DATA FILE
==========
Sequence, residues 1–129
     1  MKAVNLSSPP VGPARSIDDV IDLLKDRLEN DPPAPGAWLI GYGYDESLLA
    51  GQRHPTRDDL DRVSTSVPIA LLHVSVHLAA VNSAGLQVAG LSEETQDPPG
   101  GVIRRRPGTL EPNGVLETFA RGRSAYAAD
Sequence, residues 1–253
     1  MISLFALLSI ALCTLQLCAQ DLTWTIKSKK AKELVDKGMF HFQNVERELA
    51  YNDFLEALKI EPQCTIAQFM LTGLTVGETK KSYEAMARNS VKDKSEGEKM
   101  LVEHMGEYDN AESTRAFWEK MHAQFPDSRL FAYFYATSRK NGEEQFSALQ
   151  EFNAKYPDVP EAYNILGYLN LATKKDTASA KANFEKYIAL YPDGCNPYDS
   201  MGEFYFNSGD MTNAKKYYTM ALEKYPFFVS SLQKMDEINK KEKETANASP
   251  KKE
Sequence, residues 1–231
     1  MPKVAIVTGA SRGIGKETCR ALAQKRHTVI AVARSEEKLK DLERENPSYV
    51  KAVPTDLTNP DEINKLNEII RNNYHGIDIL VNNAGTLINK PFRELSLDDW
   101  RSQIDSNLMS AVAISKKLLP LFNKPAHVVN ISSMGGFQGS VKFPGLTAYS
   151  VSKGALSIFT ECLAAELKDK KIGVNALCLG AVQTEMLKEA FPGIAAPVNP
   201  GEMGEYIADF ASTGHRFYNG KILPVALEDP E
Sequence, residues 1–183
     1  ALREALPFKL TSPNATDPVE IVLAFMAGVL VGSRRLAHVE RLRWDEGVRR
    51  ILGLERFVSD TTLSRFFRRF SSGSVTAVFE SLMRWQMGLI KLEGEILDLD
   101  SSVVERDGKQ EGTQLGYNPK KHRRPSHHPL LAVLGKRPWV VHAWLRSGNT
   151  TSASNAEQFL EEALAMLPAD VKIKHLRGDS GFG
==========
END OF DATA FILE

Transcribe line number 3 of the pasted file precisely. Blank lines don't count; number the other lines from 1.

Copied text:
    51  GQRHPTRDDL DRVSTSVPIA LLHVSVHLAA VNSAGLQVAG LSEETQDPPG